TOP: Nursing Process Step: Intervention

MSC: NCLEX: Safe and Effective Care Environment: Safety and Infection Control

17. During insertion of a pulmonary artery catheter, the physician asks the nurse to assist by inflating the balloon with 1.5 mL of air. As the physician advances the catheter, the nurse notices premature ventricular contractions on the monitor. What is the best action by the nurse?

a.

Deflate the balloon while slowly withdrawing the catheter.

b.

Instruct the patient to cough and deep-breathe forcefully.

c.

Inflate the catheter balloon with an additional 1 mL of air.

d.

Ensure lidocaine hydrochloride (IV) is immediately available.

ANS: D

During the insertion of the pulmonary artery catheter, ventricular dysrhythmias may occur as the catheter passes through the right ventricle. Treatment with lidocaine hydrochloride may be necessary to suppress the irritated ventricle and should be readily available. Withdrawing of the catheter is not within the scope of practice of the nurse and may not be necessary. Having the patient cough and deep-breathe will not correct the problem. The maximum volume of air necessary to inflate the balloon is 1.5 mL. Any additional volumes added may increase the risk of complications.

DIF: Cognitive Level: Application REF: p. 159

OBJ: Describe the indications, measurement, complications, and nursing implications associated with monitoring of invasive right atrial, left atrial, pulmonary artery, and intraarterial pressures and those equated with noninvasive monitoring of hemodynamic indices.

TOP: Nursing Process Step: Intervention

MSC: NCLEX: Physiological Integrity: Reduction of Risk Potential

18. Following insertion of a pulmonary artery catheter (PAC), the physician orders the nurse to obtain a blood sample for mixed venous oxygen saturation (SvO2). Which action by the nurse best ensures the obtained value is accurate?

a.

Zero referencing the transducer at the level of the phlebostatic axis following insertion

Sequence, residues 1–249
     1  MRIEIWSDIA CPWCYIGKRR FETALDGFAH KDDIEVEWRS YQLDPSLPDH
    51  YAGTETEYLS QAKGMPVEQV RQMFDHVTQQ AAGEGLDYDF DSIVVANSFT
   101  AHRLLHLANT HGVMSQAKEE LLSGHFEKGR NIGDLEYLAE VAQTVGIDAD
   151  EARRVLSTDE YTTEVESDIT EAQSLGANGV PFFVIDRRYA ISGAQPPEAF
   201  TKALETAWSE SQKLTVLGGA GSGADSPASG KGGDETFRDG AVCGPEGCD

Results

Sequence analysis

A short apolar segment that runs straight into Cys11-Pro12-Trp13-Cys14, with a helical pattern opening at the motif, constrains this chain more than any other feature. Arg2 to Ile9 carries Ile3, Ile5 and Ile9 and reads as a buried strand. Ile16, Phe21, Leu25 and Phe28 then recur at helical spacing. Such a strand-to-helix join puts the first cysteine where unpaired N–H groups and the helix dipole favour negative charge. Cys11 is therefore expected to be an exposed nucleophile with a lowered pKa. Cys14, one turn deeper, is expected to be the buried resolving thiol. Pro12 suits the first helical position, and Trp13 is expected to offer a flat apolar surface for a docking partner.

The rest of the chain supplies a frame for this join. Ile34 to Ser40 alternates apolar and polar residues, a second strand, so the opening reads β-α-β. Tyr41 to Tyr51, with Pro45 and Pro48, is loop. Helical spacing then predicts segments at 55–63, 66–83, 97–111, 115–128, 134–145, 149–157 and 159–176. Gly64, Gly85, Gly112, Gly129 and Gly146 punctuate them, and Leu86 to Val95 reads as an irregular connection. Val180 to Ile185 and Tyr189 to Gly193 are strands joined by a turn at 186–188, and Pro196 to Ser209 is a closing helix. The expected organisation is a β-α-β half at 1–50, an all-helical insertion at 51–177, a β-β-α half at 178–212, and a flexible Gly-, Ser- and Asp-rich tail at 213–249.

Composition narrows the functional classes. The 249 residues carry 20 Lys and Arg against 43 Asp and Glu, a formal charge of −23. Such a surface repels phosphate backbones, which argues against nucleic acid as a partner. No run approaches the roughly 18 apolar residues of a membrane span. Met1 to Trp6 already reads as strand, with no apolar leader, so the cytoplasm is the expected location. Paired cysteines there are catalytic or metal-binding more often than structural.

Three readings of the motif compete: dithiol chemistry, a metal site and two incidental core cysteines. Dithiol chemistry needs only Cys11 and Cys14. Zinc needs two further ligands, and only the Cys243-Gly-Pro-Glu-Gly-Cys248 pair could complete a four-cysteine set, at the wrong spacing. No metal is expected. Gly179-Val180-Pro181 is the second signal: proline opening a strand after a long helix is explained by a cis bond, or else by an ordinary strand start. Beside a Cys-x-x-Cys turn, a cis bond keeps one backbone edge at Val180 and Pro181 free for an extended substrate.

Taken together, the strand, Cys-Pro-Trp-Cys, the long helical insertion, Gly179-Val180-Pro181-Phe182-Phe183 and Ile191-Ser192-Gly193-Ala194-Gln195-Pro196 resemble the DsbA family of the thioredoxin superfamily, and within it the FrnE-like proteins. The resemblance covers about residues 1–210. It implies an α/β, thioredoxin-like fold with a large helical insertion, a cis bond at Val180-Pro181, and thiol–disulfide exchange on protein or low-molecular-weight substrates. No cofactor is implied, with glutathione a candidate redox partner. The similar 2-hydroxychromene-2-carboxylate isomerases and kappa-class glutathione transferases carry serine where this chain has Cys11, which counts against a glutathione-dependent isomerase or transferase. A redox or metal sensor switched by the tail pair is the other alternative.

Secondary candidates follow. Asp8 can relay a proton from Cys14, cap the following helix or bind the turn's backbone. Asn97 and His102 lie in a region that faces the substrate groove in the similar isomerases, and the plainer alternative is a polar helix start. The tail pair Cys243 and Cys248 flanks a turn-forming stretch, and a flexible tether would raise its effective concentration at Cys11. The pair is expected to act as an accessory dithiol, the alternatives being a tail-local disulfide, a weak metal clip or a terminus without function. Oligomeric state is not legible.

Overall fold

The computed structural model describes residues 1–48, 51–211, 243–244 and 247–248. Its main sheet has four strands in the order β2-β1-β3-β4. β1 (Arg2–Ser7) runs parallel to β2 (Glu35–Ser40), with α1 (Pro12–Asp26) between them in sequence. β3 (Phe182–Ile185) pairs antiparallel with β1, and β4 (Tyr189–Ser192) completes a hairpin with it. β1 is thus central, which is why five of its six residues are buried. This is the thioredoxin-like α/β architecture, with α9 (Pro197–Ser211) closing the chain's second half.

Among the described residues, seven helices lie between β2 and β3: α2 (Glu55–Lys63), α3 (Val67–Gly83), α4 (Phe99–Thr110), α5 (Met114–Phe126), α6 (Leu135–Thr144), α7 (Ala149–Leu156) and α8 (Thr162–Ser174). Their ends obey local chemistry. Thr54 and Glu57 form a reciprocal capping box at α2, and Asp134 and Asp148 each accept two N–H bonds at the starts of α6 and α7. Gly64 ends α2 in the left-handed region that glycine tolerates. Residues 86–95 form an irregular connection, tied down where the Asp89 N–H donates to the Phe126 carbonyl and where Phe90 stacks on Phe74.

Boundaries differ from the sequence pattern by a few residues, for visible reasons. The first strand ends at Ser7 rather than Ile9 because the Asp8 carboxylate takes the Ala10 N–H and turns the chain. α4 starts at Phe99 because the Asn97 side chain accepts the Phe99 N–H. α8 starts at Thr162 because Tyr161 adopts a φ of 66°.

b.

Calibrating the system with a central venous blood sample and arterial blood gas value

c.

Ensuring patency of the catheter using a 0.9% normal saline solution pressurized at 300 mm Hg

d.

Using noncompliant pressure tubing that is no longer than 36 to 48 inches and has minimal stopcocks

ANS: B

To ensure that an accurate SvO2 is obtained, calibration of the invasive monitoring system (e.g., PAC) is accomplished upon insertion and requires both a central venous blood sample from the PAC and an arterial blood gas sample. This process is unique to the accuracy of venous oxygen saturation monitoring systems. Zero referencing the transducer at the level of the phlebostatic axis, ensuring patency of the catheter with a pressurized flush system, and using tubing of adequate length ensure accuracy of all hemodynamic monitoring systems.

DIF: Cognitive Level: Application REF: p. 163

OBJ: Describe the indications, measurement, complications, and nursing implications associated with monitoring of invasive right atrial, left atrial, pulmonary artery, and intraarterial pressures and those equated with noninvasive monitoring of hemodynamic indices.

TOP: Nursing Process Step: Intervention

MSC: NCLEX: Physiological Integrity: Reduction of Risk Potential

19. The nurse is caring for a 70-kg patient in septic shock with a pulmonary artery catheter. Which hemodynamic value indicates an appropriate response to therapy aimed at enhancing oxygen delivery to the organs and tissues?

a.

Arterial lactate level of 1.0 mEq/L

b.

Cardiac output of 2.5 L/min

c.

Mixed venous (SvO2 ) of 40%

d.